IMBA believes a shared-use philosophy that includes bicycling is compatible with the intent and purpose of the CDT, and that mountain bikers can help overcome these significant hurdles impeding the trail’s completion. With 40 million participants, mountain biking is the second most popular trail activity in the country (Outdoor Industry Foundation, 2007). This large constituency helps lobby for public lands funding and donates nearly one million volunteer hours each year to trail construction and maintenance. Mountain bikers can be valuable partners for the CDT.
Among long-distance trails, the CDT is unique in that has generally allowed mountain biking. Unlike the Pacific Crest Trail or Appalachian Trail, mountain bikes are largely welcome on non-Wilderness sections of the CDT. IMBA isn’t asking for access to all 3,100 miles, but there are many non-Wilderness sections where non-motorized users can get along and mountain biking should continue.
The Forest Service has said it believes Congress intended the CDT to be for hiking and horse use only. Unfortunately, the agency is basing its proposed directive on a 1976 Study Report—written before modern mountain biking was established–and a similarly out-dated Comprehensive Plan of 1985. Not surprisingly, both documents focus primarily on providing experiences for the “hiker and horseman.” But neither suggests the trail should be limited to these two uses, and in many instances encourages non-motorized activities.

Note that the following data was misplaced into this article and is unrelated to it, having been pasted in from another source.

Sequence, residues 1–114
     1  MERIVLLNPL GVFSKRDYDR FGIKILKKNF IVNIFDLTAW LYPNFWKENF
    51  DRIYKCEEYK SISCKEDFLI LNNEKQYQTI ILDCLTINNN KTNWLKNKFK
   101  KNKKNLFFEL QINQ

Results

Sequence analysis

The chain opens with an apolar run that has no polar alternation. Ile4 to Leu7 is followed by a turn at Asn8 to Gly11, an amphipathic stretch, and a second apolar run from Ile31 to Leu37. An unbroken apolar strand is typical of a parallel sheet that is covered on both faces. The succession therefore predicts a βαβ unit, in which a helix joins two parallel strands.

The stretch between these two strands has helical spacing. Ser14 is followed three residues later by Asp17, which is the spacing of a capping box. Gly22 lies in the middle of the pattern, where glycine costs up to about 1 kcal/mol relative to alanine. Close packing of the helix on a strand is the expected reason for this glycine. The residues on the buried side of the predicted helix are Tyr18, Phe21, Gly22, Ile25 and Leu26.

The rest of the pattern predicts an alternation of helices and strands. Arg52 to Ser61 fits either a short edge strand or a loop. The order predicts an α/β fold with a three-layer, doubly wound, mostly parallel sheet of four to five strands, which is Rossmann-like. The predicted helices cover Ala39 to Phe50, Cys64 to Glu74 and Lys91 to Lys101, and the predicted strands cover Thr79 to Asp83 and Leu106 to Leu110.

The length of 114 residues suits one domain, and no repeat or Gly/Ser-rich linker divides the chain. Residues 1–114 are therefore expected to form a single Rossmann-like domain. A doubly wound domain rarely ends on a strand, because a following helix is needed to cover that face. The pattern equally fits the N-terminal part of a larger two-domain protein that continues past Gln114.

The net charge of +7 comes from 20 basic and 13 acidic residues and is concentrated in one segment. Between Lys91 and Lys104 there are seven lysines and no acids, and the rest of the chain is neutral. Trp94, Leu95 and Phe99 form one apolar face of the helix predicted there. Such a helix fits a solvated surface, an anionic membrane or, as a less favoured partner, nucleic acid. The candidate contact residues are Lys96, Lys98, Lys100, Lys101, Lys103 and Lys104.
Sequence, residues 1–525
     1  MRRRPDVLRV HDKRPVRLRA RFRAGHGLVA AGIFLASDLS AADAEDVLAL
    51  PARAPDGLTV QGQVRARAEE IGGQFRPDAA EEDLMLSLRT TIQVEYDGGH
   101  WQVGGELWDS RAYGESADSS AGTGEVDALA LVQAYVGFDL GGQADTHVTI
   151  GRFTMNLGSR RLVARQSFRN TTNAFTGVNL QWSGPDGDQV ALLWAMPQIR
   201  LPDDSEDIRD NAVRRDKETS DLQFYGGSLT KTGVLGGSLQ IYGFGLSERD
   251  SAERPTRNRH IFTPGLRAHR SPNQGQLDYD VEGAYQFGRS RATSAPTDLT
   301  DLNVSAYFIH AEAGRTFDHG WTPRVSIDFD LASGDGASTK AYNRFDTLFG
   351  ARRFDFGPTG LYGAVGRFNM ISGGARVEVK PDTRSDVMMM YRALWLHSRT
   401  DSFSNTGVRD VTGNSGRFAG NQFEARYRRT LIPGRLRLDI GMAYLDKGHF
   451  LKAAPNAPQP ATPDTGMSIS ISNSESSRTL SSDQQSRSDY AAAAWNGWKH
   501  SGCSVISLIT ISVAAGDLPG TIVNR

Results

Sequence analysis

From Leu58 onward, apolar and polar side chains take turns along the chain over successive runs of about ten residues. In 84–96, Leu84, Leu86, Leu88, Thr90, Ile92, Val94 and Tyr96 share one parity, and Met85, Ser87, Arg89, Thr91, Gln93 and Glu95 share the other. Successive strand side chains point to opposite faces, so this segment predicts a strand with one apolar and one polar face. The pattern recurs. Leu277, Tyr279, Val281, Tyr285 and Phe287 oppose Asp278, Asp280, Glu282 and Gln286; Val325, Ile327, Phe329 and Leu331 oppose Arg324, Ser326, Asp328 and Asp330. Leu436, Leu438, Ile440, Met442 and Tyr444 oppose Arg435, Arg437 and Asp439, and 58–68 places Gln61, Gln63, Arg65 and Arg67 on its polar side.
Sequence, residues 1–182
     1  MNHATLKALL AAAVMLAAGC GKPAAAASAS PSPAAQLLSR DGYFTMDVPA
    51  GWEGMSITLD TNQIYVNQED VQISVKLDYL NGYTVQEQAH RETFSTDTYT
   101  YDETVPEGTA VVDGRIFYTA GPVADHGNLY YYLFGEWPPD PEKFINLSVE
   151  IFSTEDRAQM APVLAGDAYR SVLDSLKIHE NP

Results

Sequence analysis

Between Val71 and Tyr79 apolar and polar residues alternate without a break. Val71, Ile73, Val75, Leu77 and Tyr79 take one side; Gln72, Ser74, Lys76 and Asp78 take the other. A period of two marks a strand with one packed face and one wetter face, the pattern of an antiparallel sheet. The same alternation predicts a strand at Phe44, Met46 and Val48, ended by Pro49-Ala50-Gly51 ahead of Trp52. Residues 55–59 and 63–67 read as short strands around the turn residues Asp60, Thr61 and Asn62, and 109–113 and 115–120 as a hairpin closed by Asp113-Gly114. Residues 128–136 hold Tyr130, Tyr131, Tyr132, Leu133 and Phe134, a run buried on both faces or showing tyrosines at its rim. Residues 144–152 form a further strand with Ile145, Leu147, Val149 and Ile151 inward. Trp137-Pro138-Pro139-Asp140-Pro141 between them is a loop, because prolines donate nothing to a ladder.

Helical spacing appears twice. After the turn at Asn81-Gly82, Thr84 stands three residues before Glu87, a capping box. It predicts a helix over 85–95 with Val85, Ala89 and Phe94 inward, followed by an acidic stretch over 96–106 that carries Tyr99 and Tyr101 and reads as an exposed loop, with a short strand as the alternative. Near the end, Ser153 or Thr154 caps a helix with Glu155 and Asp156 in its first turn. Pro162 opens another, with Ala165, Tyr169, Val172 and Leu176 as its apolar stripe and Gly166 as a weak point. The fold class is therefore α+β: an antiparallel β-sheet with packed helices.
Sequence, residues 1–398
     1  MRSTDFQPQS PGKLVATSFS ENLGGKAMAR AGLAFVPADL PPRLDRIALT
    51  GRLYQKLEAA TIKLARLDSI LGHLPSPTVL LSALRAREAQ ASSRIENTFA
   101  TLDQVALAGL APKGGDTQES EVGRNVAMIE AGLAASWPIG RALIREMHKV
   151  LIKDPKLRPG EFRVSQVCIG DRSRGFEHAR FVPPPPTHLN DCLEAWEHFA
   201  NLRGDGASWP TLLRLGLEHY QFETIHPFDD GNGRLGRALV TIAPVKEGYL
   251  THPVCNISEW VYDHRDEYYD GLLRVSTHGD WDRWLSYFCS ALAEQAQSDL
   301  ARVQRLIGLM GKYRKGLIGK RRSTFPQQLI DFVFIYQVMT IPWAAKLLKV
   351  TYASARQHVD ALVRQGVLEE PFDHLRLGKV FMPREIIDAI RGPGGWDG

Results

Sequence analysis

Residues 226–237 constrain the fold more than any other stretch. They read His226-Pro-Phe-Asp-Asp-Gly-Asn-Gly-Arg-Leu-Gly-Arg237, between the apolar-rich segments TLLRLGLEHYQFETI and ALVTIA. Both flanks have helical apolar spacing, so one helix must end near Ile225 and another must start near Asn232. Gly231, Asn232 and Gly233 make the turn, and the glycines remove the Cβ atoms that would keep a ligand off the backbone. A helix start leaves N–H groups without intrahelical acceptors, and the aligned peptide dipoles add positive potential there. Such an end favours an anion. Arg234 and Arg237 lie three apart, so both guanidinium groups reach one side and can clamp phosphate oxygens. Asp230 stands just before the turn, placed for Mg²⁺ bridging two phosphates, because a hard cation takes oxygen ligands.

In fact, the 1976 CDT Study Report states, “The primary purpose of this trail (CDT) is to provide a continuous, appealing trail route, designed for the hiker and horseman, but compatible with other land uses” (italics added).
In 1983, Congress amended the National Trails Act to clarify potentially acceptable uses on the CDT and other National Scenic Trails. Bicycling is listed alongside various forms of hiking, backpacking and horse use (16 USC 1246(j)).
This congressional statute is clear and should supercede internal agency documents. IMBA does not believe bicycling should be discouraged or prohibited on the CDT. More than two decades of bicycling on the CDT has shown that this activity does not substantially interfere with the nature and purposes of the trail and that all users can get along.